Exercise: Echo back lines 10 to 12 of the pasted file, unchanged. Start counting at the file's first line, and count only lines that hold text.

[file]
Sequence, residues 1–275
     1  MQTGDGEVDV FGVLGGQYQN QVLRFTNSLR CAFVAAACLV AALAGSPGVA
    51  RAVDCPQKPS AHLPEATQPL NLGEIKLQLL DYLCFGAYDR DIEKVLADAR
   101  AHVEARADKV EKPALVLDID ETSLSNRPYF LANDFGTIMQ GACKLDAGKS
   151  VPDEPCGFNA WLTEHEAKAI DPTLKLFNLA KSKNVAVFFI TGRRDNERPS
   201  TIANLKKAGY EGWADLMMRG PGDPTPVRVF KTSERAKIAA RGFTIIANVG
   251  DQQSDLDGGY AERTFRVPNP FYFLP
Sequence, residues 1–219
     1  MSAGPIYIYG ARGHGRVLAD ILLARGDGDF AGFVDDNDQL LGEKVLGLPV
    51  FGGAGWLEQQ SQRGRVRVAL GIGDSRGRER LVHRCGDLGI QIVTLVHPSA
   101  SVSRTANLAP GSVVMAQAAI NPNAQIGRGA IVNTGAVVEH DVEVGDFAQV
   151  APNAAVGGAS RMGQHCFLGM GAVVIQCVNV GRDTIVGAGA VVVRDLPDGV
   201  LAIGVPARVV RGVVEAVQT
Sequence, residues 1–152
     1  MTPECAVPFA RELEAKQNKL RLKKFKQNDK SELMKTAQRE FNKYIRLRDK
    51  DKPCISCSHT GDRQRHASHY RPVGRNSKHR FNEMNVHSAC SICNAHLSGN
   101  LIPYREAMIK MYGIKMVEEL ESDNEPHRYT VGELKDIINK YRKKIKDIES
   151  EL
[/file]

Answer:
    51  FGGAGWLEQQ SQRGRVRVAL GIGDSRGRER LVHRCGDLGI QIVTLVHPSA
   101  SVSRTANLAP GSVVMAQAAI NPNAQIGRGA IVNTGAVVEH DVEVGDFAQV
   151  APNAAVGGAS RMGQHCFLGM GAVVIQCVNV GRDTIVGAGA VVVRDLPDGV